Step 9: Sew the two layers together at the bag opening seam (red lines below). Sew over the handle straps within the S.A. to further reinforce the attachment (red boxes with "X" below).

Sew the two layers together at the bag opening seams and further reinforce the straps.

Step 10: Create a gentle crease line in the middle of the base (red dashed lines below). Do the same for the lining layer beneath. Then fold the outer layer and the lining layer along the crease lines such that both layers separate from each other.

Create gentle crease line in the middle of the base.

Fold the outer and lining layers along the crease lines, such that they separate.

Step 11: Sew the side seams in a continuous run on each side of the bag (red lines below). Leave opening on one of the sides of the lining for turning the bag inside out later (white dashed line below). Due to the size of the bag I was making and the amount of interfacing I used, I had to leave a sizable opening - almost the entire height of the bag.

Then, create boxed corners on each corner (red checkered squares below). Here's a good video tutorial by So Sew Easy. Use Method 1 in the video.

Sew side seams and leave opening for turning. Then, create boxed corners.

Step 12: Turn the bag inside out to reveal the right sides of the fabrics. Then, sew close the opening. Some people like to slip-stitch by hand to close this opening (so the stitches become invisible), but since the lining fabric will not be seen from outside of the bag and considering the length of the opening, I chose to simply overstitch as close to the edge as possible with the sewing machine.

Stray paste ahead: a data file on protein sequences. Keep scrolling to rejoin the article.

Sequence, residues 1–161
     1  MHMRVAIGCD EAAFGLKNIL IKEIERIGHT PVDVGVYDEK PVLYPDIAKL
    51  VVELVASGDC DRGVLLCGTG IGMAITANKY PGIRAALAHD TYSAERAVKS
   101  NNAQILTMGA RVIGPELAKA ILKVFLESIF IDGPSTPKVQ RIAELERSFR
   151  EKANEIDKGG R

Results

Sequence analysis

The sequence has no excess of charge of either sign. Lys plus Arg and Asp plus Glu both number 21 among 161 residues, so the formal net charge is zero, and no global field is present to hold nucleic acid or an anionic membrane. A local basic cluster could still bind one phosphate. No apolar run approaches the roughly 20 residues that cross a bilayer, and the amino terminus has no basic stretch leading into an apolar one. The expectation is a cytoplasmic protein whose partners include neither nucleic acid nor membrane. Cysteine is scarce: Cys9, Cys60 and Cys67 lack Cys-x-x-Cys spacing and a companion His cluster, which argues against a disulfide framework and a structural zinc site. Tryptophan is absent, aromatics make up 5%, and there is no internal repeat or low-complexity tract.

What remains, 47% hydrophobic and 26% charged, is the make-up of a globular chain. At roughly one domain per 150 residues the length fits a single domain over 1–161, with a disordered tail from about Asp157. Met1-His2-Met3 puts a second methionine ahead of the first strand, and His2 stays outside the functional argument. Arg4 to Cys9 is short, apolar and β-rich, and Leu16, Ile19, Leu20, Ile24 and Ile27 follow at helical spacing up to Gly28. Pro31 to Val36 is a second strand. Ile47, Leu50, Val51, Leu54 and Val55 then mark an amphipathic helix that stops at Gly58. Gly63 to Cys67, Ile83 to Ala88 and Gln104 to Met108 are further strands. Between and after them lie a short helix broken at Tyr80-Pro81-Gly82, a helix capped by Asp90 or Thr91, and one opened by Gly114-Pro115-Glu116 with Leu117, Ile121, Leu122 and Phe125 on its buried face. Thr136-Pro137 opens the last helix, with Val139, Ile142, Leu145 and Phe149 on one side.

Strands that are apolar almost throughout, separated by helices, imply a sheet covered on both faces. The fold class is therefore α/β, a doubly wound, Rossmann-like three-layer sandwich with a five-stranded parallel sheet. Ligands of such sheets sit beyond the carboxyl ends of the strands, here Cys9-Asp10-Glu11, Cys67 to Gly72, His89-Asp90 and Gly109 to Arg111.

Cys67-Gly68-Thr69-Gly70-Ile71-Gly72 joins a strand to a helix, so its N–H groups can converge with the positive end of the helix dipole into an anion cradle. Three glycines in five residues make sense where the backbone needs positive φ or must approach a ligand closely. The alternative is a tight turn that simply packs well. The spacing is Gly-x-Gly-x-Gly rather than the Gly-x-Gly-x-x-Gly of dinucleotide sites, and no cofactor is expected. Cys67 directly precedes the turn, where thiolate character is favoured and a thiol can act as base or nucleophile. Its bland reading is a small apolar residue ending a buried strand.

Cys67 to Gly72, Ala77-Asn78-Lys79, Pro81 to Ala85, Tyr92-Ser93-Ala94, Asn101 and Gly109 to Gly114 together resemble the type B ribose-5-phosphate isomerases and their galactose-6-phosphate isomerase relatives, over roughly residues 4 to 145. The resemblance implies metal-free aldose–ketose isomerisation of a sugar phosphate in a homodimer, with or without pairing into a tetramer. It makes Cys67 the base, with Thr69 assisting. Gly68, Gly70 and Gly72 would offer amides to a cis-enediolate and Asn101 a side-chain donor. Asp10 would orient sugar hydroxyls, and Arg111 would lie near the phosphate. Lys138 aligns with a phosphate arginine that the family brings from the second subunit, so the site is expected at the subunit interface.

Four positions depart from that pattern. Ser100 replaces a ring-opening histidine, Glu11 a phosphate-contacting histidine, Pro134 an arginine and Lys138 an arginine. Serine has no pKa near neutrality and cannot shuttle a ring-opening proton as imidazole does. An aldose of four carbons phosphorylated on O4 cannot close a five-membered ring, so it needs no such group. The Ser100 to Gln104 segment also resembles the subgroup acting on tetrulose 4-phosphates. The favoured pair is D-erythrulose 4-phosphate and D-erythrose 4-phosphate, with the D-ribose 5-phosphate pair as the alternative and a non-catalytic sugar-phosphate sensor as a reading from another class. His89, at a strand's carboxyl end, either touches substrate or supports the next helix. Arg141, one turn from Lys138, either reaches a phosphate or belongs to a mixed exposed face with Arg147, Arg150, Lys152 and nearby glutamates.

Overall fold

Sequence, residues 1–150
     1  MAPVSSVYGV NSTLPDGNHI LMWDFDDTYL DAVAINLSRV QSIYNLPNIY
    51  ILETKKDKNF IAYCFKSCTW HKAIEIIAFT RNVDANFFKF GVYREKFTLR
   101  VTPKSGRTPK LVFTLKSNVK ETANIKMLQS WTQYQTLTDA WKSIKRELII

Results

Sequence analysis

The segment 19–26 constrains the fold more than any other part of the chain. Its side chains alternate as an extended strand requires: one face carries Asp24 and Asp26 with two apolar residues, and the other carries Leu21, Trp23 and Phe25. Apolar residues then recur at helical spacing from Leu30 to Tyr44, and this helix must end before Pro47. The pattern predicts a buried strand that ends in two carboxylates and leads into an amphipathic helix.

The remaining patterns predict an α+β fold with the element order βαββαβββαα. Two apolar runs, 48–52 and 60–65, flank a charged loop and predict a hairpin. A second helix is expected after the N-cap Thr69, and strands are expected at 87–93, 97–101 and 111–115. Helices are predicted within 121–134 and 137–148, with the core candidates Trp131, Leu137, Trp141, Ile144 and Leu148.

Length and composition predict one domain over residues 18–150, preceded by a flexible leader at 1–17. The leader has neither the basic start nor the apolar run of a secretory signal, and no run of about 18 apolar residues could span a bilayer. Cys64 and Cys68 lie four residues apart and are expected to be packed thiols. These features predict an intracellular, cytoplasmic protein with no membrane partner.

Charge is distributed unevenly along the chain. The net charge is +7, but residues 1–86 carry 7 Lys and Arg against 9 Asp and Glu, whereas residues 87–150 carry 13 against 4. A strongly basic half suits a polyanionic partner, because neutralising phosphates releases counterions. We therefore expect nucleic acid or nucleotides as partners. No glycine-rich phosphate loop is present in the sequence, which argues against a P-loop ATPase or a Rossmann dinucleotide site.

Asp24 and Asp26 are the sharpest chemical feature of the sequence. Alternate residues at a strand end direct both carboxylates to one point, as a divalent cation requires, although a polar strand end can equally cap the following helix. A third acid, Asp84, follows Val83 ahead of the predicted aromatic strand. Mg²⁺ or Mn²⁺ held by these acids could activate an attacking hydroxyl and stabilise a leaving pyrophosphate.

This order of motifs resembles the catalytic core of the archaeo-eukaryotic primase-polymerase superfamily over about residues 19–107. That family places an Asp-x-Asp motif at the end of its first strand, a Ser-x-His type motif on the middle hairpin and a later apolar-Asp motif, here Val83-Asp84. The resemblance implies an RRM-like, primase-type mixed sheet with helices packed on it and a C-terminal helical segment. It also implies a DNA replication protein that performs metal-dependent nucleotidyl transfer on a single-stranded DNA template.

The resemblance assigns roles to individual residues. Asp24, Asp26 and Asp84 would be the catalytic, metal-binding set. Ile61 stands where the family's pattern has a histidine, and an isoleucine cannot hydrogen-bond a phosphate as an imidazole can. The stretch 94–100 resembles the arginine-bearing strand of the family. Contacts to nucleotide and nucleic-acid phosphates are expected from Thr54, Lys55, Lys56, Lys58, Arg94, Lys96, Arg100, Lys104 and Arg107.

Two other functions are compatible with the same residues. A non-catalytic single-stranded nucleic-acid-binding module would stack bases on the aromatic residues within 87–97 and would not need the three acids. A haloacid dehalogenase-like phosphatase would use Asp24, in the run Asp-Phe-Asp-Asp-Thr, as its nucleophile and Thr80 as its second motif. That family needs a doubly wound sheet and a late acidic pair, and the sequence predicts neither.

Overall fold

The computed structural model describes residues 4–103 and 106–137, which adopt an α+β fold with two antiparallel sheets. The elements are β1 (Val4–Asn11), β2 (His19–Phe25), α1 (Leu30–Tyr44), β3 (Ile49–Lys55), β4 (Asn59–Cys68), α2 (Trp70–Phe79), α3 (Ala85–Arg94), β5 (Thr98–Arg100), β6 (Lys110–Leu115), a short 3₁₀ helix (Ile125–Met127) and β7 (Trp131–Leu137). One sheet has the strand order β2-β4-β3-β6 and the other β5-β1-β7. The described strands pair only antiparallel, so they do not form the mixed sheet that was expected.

Turn bag inside out and sew close the opening.

Step 13: To make the bag look more boxy, overstitch along the 4 side edges of the bag (red lines below) WHILE THE LINING LAYER IS STILL OUTSIDE OF THE BAG. Use matching thread. The overstitching need not reach the base, just go as close as you can.

Overstitch along the 4 edges of the sides. Do this while the lining fabric is still outside of the bag!

Step 14: Stuff all that lining fabrics into the outer layer. Then give the brim of the bag opening a good press of the iron.

Stuff lining into outer layer of bag.

Step 15 (Optional): Overstitch all around the bag opening very close to the brim to keep the lining from peeking out.

The patchwork tote bag is now complete!

Completed patchwork tote bag.

The End Product

The completed patchwork tote bag.

Although I used hard interfacings, the bag was not stiff enough to stand on its own. However, the hard interfacings gave it a neat straight-line look that makes it a little bit more formal, in addition to giving it strength. This was exactly my intention because the husband said he was going to bring this bag to the office to carry "miscellaneous" things.

I did not mention this in the sewing process above, but I did add an elastic pocket on the lining of the bag - per the husband's wish. This is entirely optional for anyone else making this bag, of course. Here's a good tutorial on how to add elastic pockets by Craftstorming.

The husband wanted a pocket inside the bag.


A lot of this tote bag making process was trial-and-error and adjust-as-I-sew. There were mistakes that I had to overcome by compromising on things like dimensions (I strayed up to 5cm from the initially planned dimensions). Some mistakes, I decided to just live with them. If I were to make another patchwork tote bag, I would definitely pay more attention on the measurements and cutting.